The Great Shift is coming.... are you ready to Jump?


With Edgar Prince and the One World Government imprisoned in Limbo for the next one hundred years, a new, golden age for eHumanity has begun. Evelyn Prince, the creator of Neuro and Edgar’s daughter, joins Origen and the rebels to build a new world—where eHumanity will finally be free to live up to its potential. Adam and Dawn celebrate this victory in their own way, by setting out on a quest to find evidence that carbon-based humans might have survived the Great Shift.


The new leadership soon discovers that a free and open society means different things to different people—and that Neuro itself has its own agenda. When eHumans begin to die after plugging in to recharge, and Dawn goes missing while on her mission, Adam and Evelyn sense their father closing in on them from every side, and Origen knows that the game is up.

But Edgar Prince isn’t the only one with many plans.

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Rebel Parent—Raising Scientists and Artists in Our Homes




Let’s face it, science and the arts are under attack in America right now. Many have begun to portray science as a liberal conspiracy and view the arts as a liberal social experiment hell bent on ruining society with its loose morals. Just today, the Trump Administration released recommendations for major cuts to scientific research as well as the National Endowment of the Arts.

In a world where most blue collar jobs, and soon many white collar jobs, will never return due to automation, careers in science and the arts are some of the few that will be left for humans to do. Why then is America so determined to shoot itself in the foot and encourage both fields to perish?

For the most part it’s an ideology not unlike the one that ruled the Dark Ages. Art allows freedom of the mind and expression of one’s divinity, without the need of a church or organization. When participating in the arts, a person can find great spiritual fulfillment. Thus, the mind that creates is one that can’t be controlled with fear of the afterlife, because they live so fully in this life.

The same goes for science, which is the investigation of, "Why?" Scientists, like artists, see the world through curiosity and awe and seek to use objective methods to explain why things work the way they do. Innovation begins in the realm of ideas. It’s said that Nikola Tesla would design and test every machine he ever invented in his mind first, before building it. Like a story or a painting, cures for disease or new machines are born within the mind, and then through human will, become manifest.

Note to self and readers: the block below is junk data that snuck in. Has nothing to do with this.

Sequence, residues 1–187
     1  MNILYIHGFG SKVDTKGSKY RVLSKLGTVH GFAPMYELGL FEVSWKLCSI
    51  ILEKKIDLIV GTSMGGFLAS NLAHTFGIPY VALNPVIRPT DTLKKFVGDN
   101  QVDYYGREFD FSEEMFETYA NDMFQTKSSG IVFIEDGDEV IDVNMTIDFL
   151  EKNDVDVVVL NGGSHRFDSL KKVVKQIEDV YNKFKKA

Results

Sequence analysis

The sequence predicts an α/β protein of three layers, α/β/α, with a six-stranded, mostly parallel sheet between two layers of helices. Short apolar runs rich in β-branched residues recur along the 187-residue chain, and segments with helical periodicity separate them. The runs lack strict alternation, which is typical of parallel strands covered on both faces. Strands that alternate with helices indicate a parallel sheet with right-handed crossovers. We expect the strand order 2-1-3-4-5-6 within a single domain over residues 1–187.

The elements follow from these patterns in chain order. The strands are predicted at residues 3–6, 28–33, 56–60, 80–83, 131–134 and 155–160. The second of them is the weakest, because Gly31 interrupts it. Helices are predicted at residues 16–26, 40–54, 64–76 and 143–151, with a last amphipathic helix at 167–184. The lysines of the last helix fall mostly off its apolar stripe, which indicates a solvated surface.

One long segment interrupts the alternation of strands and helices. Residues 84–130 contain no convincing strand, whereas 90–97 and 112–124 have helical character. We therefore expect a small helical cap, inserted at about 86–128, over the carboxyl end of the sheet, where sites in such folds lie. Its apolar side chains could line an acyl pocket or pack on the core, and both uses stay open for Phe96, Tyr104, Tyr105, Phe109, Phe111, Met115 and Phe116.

And like art, those who study science are also hard to control. They question everything, and seek answers beyond yes or no. Thinkers the neutralizers of the binaries, and thus a challenge to any system that seeks power through control.

Thus in these times of alternative facts and fake news, we need artists and scientists more than ever, and it’s no coincidence that funding for their programs is on the chopping block. This doesn’t bode well for our country, and I for one will not sit by and watch it happen.

There is one group of people who can combat this desire to squelch curiosity and awe: Parents. Yes, teachers play a crucial role, but many of them are beholden to the budget cuts that are coming down the line. Parents are still free to create homes where exploration, curiosity and the burning desire to ask why still exist. In our homes we can create spaces to encourage our children to become artists and scientists. This is not only a civic duty, but it is also to protect them, for this generation will need the ability to adapt and be creative in a world where robots perform most of the work humans are now paid to do. Art and scientific discovery will be the last bastions of human domain, and what parent wouldn’t want to prepare their child for such a future?

While the world around us seems to be in chaos, now is the time to dedicate ourselves to homes that create the thinkers of the future. I’ve raised two scientist/artists myself and while we’re not done, both are well on their way to entering careers in science and technology, while also acting and playing music. There are many things we can do as parents to encourage this, but here are some suggestions to get your own inspiration going.